Single and retired, with no family nearby, 64-year-old Lorna Grenadier knows she'll need a better support system if she wants to grow old in her apartment in the Foggy Bottom neighborhood of Washington, D.C., where she has lived for 40 years. So she's added community organizing to her list of interests and is helping create a service network she hopes will enable her and others like her to remain in their own homes as they age.
For the past 18 months, Grenadier has been working with other volunteers to research and launch the Foggy Bottom West End Village network. The group aims to provide paying members ($600 a year for singles; $900 for households) a range of services, including transportation and connections to vetted local businesses, as well as serve as a contact point for emergencies. Some of the annual fee will also cover social activities for members.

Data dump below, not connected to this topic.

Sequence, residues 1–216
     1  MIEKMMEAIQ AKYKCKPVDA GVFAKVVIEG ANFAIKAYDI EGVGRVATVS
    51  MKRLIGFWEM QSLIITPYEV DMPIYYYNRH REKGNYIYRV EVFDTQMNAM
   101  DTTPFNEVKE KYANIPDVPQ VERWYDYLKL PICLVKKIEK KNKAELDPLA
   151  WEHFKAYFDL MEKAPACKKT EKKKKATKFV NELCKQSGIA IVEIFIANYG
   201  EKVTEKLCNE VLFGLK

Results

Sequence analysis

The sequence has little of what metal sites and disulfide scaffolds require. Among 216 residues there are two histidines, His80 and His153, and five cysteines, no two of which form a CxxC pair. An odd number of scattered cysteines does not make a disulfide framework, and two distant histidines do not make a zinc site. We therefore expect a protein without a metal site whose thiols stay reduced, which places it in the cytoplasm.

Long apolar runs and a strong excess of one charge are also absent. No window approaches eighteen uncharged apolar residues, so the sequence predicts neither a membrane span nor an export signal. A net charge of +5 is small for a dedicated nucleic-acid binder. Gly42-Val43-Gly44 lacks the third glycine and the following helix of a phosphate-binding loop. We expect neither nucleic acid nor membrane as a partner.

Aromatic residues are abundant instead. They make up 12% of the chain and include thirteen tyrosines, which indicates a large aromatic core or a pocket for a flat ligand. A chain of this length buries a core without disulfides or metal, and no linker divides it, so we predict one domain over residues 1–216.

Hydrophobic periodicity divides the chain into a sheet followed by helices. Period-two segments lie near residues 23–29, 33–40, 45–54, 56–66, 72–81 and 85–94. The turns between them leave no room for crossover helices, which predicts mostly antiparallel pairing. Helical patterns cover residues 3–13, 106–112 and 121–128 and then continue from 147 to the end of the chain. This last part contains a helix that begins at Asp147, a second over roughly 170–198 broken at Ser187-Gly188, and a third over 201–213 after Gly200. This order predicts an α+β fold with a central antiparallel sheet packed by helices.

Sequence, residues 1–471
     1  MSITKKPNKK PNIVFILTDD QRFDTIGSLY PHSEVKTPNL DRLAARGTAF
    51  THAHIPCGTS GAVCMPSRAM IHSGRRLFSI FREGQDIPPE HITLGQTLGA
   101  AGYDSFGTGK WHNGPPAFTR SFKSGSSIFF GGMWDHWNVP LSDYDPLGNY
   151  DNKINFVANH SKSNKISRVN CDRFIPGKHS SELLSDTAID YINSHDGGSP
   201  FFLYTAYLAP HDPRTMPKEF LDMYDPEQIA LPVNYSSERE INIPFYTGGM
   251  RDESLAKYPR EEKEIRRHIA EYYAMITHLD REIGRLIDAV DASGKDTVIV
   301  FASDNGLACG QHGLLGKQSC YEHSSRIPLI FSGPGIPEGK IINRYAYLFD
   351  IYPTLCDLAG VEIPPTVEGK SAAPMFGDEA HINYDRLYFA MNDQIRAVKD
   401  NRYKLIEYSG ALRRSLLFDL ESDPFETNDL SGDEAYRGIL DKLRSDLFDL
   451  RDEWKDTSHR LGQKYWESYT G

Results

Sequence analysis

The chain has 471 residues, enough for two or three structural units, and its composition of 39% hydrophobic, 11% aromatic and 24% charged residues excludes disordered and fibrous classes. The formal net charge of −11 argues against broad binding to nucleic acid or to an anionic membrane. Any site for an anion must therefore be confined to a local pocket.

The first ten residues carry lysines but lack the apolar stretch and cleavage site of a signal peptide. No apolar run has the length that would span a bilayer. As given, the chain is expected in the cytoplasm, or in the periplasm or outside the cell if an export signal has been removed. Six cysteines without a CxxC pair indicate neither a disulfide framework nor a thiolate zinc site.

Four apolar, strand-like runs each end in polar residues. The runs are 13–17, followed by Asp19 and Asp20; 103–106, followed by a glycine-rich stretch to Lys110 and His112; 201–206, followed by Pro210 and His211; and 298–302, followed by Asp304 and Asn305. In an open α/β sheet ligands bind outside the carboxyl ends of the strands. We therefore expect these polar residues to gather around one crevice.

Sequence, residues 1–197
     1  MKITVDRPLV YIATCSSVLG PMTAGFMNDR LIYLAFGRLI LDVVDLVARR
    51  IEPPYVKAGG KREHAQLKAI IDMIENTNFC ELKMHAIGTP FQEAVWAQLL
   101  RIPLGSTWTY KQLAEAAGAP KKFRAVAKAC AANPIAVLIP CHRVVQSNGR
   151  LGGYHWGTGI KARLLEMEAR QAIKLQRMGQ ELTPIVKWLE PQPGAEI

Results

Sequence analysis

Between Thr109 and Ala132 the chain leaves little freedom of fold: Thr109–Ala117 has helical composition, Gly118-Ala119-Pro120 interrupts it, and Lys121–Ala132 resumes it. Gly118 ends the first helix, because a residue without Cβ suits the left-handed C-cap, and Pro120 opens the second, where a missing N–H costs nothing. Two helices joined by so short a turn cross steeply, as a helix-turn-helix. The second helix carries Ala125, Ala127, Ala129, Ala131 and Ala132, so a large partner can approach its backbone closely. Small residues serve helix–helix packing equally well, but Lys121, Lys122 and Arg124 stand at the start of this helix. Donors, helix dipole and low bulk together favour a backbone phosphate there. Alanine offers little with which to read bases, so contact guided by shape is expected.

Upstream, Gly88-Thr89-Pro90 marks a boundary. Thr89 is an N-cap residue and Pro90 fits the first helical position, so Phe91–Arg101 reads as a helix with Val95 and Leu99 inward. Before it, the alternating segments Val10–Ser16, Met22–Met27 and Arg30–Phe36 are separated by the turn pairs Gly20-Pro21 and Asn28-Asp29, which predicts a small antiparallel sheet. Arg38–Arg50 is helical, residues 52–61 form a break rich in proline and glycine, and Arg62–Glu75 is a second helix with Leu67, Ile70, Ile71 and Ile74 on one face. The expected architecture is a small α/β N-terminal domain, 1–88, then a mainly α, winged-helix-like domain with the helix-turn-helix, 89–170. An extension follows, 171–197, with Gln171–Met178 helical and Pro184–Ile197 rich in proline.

"It’s also about providing peace of mind," says Grenadier -- a sort of insurance policy should someone need help. In a survey of potential members in the her area, 75 percent said they were interested in the concept, though just 50 percent said they would need the services today.
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